Anemia Drugs Up Cancer Death Risk
Study Shows More Deaths, Blood Clots in Cancer Patients Taking Procrit, Epogen, Aranesp
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Anemia Drug Benefits Overrated, Risks Underrated? continued...
The effect on tumor cells, Lai says, is to help them invade deeper into the
Meanwhile, U.S. doctors began using more and more of the drugs. Instead of
using the drugs to bring patients' red blood cell counts up to minimum levels,
they began using it to bring blood cell counts as close to normal as possible.
Fueling the process was a rebate scheme in which the companies making the drugs
paid doctors millions of dollars to give the drugs to their patients.
"We had a class of drug approved for a very specific indication. But
through a variety of professional concerns and legitimate patient interests --
combined with heavy advertising and doctor-reimbursement policies -- we
expanded use of these drugs beyond their original intent," Len Lichtenfeld,
MD, deputy chief medical officer at the American Cancer Society, tells
The unchecked use of Procrit, Epogen, and Aranesp began to unravel in May
2006, when a research review by the U.S. Agency for Healthcare Research and
Quality showed that the drugs increased patients' risk of deadly blood
But Lichtenfeld says what really shocked cancer doctors was the FDA's
January 2007 release of a "Dear Health Care Professional" letter from
Aranesp maker Amgen. The letter informed doctors that cancer patients no longer
on chemotherapy but still taking Aranesp appeared to die more often than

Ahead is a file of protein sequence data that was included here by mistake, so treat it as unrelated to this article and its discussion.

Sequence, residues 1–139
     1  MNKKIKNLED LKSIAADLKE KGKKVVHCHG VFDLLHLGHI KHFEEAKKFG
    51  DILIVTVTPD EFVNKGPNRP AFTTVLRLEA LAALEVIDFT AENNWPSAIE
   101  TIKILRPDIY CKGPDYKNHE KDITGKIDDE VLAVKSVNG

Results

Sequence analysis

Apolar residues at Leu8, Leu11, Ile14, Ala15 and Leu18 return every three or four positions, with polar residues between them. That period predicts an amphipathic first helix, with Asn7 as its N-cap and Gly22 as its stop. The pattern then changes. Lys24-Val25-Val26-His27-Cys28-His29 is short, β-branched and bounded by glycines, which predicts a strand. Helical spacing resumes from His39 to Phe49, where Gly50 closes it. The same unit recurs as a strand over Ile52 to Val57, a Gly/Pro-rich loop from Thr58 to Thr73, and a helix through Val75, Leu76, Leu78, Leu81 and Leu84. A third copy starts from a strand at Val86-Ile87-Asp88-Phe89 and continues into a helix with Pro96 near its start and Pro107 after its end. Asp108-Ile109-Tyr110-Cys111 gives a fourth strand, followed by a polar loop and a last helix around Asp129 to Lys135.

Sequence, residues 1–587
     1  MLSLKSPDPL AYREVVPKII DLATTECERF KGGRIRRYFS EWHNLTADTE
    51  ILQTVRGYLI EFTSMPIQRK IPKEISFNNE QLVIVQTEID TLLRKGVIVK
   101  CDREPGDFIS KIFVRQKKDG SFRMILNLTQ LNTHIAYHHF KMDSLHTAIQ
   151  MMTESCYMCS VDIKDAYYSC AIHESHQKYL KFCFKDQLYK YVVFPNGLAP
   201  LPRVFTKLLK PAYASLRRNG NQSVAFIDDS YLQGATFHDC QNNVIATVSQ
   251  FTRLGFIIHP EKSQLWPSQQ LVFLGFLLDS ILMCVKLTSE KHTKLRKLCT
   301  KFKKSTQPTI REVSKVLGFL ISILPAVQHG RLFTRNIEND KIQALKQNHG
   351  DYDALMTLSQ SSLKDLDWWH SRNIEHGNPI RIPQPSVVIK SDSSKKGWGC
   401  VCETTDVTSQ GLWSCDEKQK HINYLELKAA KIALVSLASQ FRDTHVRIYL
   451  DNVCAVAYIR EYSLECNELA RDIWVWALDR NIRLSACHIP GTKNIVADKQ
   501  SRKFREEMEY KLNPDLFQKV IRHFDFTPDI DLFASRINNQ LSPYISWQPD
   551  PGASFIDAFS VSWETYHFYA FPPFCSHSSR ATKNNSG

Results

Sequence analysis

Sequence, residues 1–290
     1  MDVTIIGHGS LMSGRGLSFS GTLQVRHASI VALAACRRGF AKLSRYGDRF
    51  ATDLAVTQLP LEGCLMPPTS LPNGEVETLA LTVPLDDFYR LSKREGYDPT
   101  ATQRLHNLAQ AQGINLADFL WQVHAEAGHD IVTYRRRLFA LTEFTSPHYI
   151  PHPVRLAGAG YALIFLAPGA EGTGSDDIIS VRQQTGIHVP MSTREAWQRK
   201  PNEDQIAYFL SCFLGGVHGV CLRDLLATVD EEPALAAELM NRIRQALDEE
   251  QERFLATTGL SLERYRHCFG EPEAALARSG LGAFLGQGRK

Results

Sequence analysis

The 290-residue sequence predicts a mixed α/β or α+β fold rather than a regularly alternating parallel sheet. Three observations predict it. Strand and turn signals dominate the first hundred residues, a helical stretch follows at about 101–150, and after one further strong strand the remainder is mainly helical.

patients not taking it.
Now the Bennett study confirms this suspicion -- and strongly suggests that
it applies to the entire class of ESA drugs.
Whither Procrit, Epogen, Aranesp?
Procrit, Epogen, and Aranesp are top-selling drugs. Until the mid-March FDA
panel meeting, it won't be clear exactly how doctors should use the
"This is like the HRT [hormone replacement therapy] story,"
Lichtenfeld says. "Several years ago, research suggested HRT had
significant side effects and not as much benefit as thought. The pendulum swung
from very many women using HRT to very few women using HRT. But now a balance
has been achieved, where there is not so much HRT use as in the past, but still
a major if limited role for the treatment. With ESAs, we will come to a
similar conclusion. But for now, use will be very conservative."
Lai says Procrit, Epogen, and Aranesp have complex effects on tumors --
effects that are not yet fully known. The drugs seem to have different effects
on different tumors.
"I don't think these drugs have a huge overall effect on tumor
progression, but they definitely do make a contribution to the disease," he
says. "The size of that contribution still needs to be completely
Lai worries that while researchers figure this out, oncologists -- and their
patients -- will be denied a useful class of drugs.